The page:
Dominic Hoffman: So, when you're in Germany, and you go to university, there is usually a traditional path that you want to follow for yourself, to set yourself up properly. So usually, coming out of university, you want to work for a big employer, and to have potentially later on the opportunity to work in a more global environment. So I started working at Deutsche Bank, which back then I thought would set me up properly for a more global environment. I then chose later on to choose the more global environment outside of Deutsche Bank, but I would say that they pretty well prepared me for that.
Seth Adler: Good. All right, well what did you take, I guess, from ... if there was one lesson learned from Deutsche Bank, that you brought forward. Was there kind of a mindset, or a type of thinking, or a lesson learned?
Dominic Hoffman: I think the lesson learned is, and this was from one of my mentors at Deutsche Bank, and I think is the key thing that helped me to progress in my career was, you really need to choose the topics that you want to work on. There's so many topics out there. I didn't want to refer to them as battles, but there are so many topics that you can pick and choose, if you would do all of them, you would never get done. I think what was very important for me is to pick key topics, and then kind of like progress in them, rather than choosing too many, and then not progressing a lot.
Seth Adler: That's it. Focus. Focus, focus, focus. What's most surprised you in life?
Dominic Hoffman: I think what's surprised me most in life is actually people. Biggest surprise there is that you meet so many people, they have so many diverse perspective, and I think what surprised me most, if you would go around the world and ask the same question to multiple people, you would always get a different answer.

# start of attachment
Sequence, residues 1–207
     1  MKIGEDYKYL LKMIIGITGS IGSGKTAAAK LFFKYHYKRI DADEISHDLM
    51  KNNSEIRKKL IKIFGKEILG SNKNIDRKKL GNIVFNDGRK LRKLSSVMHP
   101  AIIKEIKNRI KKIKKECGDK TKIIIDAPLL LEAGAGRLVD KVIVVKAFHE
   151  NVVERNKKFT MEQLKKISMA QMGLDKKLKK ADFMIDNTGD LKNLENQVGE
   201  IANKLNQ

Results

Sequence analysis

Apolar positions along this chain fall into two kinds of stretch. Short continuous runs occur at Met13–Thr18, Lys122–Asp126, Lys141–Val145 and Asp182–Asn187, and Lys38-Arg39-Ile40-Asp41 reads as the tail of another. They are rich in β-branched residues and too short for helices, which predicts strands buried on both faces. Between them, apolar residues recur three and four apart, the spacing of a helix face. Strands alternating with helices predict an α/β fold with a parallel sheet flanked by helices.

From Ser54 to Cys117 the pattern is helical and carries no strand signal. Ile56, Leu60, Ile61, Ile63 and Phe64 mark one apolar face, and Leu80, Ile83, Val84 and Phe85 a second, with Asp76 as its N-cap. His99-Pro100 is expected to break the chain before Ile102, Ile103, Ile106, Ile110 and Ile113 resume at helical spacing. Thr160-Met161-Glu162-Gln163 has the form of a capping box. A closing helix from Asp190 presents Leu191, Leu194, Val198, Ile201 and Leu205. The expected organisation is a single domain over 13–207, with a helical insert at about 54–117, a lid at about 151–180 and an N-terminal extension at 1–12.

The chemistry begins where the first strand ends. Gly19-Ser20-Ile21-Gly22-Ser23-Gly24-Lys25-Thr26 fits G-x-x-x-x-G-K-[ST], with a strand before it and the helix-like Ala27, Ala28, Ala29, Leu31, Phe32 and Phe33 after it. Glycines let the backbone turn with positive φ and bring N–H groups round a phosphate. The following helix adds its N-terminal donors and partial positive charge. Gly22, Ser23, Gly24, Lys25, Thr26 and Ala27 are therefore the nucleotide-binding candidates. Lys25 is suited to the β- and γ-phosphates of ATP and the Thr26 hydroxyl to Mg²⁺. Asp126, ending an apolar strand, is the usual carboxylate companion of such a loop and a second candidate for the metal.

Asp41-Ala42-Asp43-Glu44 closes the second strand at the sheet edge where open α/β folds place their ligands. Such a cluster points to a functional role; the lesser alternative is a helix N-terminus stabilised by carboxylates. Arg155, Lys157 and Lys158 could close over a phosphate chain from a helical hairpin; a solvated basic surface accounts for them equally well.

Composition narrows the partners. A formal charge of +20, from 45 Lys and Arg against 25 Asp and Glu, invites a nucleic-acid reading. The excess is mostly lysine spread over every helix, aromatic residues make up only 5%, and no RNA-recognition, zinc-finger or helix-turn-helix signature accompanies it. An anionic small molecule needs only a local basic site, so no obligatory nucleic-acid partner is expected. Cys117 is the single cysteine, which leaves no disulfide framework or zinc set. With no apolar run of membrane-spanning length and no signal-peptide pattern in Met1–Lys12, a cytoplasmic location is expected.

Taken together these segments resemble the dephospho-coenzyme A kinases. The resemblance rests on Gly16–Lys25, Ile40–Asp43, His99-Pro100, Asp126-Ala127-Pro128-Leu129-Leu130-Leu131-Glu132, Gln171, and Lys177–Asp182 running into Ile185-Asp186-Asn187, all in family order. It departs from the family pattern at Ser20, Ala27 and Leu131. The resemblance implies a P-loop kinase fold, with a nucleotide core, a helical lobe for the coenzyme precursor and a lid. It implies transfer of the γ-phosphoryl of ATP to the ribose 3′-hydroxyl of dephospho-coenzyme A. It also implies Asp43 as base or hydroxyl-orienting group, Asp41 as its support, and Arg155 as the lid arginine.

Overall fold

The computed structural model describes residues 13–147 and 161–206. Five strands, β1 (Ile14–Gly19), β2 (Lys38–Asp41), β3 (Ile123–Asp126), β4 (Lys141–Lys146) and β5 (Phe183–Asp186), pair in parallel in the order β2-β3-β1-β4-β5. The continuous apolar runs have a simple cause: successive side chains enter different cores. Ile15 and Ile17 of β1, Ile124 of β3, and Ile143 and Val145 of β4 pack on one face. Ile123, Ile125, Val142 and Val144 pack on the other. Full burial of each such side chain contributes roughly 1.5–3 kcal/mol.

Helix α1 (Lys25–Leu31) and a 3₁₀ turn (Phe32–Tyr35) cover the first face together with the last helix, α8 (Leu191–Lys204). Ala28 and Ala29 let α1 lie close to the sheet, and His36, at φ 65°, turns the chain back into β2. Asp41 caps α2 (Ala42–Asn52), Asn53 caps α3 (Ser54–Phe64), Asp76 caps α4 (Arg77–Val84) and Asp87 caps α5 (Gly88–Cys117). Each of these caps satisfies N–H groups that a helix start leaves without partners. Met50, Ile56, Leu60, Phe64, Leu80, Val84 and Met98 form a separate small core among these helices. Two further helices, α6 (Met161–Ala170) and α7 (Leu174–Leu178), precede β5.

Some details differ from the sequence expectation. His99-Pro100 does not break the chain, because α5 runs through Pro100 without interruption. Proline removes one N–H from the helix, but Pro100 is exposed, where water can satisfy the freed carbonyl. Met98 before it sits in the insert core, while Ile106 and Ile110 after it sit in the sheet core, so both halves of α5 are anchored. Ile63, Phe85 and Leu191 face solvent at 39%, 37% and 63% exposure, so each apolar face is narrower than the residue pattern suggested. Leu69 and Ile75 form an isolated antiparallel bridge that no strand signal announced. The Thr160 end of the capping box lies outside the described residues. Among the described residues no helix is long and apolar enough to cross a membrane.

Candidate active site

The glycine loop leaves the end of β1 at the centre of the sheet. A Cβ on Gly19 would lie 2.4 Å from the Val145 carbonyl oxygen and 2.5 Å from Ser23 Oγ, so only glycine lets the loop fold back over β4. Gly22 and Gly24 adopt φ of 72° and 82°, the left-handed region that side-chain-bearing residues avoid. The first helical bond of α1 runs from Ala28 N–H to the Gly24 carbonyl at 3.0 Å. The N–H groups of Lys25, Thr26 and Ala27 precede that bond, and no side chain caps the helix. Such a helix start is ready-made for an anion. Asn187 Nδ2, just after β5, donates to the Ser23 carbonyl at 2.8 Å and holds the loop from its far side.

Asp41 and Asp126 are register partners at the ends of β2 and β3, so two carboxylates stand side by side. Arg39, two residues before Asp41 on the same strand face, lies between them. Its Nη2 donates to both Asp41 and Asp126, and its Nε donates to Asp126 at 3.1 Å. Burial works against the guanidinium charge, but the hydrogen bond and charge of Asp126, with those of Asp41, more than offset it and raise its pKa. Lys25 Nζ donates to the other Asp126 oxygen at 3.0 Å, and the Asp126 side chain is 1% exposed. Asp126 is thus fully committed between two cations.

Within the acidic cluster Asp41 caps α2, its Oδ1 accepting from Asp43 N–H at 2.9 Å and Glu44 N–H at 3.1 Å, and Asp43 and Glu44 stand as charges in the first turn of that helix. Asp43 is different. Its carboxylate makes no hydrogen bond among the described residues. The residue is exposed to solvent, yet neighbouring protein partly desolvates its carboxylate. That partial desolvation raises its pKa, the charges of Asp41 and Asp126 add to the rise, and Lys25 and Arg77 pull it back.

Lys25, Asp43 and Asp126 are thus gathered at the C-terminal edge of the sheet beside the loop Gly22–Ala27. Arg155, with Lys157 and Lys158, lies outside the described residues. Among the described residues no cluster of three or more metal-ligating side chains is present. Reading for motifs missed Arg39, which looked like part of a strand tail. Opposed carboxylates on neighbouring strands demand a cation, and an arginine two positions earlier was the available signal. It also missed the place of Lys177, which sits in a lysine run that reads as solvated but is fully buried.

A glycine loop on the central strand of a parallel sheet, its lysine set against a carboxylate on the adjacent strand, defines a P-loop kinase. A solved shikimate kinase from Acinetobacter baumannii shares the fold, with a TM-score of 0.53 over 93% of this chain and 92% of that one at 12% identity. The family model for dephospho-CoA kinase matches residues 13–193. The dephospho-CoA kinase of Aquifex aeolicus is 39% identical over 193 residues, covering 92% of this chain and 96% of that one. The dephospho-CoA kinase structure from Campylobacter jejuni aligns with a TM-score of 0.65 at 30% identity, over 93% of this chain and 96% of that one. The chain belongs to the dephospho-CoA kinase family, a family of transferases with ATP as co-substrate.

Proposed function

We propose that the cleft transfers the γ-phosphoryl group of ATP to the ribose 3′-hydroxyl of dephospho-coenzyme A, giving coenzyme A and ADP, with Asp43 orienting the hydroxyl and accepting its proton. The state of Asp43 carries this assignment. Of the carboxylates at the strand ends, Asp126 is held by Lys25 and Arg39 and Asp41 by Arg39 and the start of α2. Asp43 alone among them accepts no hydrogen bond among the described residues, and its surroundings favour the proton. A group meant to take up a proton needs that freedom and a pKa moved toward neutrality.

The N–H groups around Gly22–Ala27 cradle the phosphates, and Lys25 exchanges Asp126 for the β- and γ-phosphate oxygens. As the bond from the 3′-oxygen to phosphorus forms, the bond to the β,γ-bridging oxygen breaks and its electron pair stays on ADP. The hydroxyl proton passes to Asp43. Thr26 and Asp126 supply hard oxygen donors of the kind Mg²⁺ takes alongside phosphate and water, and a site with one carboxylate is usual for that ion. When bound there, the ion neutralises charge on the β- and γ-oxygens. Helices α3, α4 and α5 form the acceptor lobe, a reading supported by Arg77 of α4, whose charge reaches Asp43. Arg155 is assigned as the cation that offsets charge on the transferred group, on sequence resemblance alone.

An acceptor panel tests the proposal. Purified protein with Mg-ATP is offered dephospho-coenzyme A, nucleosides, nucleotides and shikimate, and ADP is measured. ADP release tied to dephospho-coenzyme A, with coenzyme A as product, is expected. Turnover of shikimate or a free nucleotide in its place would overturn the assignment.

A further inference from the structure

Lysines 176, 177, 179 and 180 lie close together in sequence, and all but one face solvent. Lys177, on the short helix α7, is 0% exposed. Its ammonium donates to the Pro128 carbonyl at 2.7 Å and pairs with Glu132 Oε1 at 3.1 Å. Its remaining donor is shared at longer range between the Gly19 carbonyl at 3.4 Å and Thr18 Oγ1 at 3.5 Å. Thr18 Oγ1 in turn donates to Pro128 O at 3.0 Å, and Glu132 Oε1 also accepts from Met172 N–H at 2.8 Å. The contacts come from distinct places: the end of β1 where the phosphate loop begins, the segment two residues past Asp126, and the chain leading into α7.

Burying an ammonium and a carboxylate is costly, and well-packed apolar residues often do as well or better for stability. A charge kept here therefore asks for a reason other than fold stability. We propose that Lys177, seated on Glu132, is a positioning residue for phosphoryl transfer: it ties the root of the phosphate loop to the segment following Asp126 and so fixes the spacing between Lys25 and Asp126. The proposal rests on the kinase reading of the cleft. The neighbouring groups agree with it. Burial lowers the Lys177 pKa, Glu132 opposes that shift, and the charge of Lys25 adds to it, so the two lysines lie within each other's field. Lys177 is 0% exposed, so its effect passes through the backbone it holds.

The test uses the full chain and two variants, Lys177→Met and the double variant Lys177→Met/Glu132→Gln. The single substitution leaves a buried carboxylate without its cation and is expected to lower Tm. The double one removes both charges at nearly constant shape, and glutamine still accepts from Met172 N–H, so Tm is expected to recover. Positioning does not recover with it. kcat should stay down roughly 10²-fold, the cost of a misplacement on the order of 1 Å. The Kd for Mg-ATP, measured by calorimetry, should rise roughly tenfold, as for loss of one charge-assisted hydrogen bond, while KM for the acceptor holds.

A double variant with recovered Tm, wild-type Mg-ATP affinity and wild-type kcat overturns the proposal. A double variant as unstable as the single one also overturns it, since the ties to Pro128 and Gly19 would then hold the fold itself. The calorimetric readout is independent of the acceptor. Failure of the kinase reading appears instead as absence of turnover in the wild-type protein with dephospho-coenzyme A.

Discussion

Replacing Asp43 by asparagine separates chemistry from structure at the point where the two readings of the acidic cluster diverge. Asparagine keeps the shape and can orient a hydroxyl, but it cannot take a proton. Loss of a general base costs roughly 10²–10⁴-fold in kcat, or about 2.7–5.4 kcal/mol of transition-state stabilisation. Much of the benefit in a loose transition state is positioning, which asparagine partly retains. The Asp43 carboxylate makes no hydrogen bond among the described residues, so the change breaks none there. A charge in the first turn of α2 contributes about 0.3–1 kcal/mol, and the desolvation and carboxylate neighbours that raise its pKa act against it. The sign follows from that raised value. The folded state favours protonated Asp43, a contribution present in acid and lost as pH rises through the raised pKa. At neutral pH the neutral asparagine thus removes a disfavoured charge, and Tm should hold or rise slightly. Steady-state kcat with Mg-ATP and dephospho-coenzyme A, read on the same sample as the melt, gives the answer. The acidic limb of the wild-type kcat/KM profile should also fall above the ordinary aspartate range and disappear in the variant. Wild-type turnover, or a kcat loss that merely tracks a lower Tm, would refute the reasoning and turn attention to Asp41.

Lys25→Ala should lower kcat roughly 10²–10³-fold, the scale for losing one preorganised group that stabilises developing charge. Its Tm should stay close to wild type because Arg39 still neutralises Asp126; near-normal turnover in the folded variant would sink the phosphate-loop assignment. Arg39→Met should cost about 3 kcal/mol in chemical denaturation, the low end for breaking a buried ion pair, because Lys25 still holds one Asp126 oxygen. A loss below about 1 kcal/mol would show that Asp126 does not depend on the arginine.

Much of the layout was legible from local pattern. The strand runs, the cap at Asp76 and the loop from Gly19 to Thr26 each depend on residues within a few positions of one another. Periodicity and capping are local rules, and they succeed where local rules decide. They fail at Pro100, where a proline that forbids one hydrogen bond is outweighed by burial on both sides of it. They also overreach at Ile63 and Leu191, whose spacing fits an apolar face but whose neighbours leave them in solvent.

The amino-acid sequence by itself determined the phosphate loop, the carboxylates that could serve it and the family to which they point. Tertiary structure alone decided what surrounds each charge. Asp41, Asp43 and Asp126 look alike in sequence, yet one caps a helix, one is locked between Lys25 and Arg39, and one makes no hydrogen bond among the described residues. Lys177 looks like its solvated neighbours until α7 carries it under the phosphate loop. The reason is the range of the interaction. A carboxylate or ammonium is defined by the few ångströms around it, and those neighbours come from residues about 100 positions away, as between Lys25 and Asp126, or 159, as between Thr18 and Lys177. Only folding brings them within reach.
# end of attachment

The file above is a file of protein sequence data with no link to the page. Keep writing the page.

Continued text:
So, I think this is what surprised me most, and I am very happy and positively surprised to have experienced this so far in very diverse environments. I used to live in Europe, I lived in the US before, I lived in China, now the last five years in Southeast Asia, so I think, yeah, people is what's surprised me most in life.
Seth Adler: There you go. As far as the US, it was in New York for banking, is that when that was?
Dominic Hoffman: It was in New York for banking, and in Boston for university.
Seth Adler: I see. Well, which university?
Dominic Hoffman: Harvard.
Seth Adler: Wait a second. We said you went to Cologne. Was this post graduate?
Dominic Hoffman: No, there was a semester abroad in the US.
Seth Adler: Ah, I see. Okay. At Harvard.
Dominic Hoffman: Yes.
Seth Adler: I mean, do you remember a specific class that happened there, I wonder?
Dominic Hoffman: Yeah. Corporate finance. It set me up for banking.
Seth Adler: That set you up for banking ... there you go. I don't have Harvard on my resume, so it's always interesting to find out. All right, most important question, Dominic. On the sound track of your life, one track, one song, that's got to be on there.
Dominic Hoffman: One song where I personally identify myself with, where I think it also reflects a little bit my behavior in customer experience, is Frank Sinatra, I Did It My Way. Because I think customer experience is very specific. There's a lot of blueprints out there, a lot of ideas out there, but ultimately, as a leader in customer experience for my own organization, I need to find the way that is right for Lazada, the right way, how I want to embed customer experience in there, together with the team. So I think Frank Sinatra, I Did It My Way.
Seth Adler: As a New Yorker, I appreciate that answer, even though he's from New Jersey.
Dominic, thank you so much for your time. Appreciate it.
Dominic Hoffman: Thank you very much.
Seth Adler: And there you have Dominic Hoffman. I'm in favor of a complimentary feedback infrastructure because CX and the customer journey is a long process. The business plan is for more than one hundred years, as far as Dominic and Jack are concerned. So very much appreciate Dominic's time. Very much appreciate yours. Stay tuned.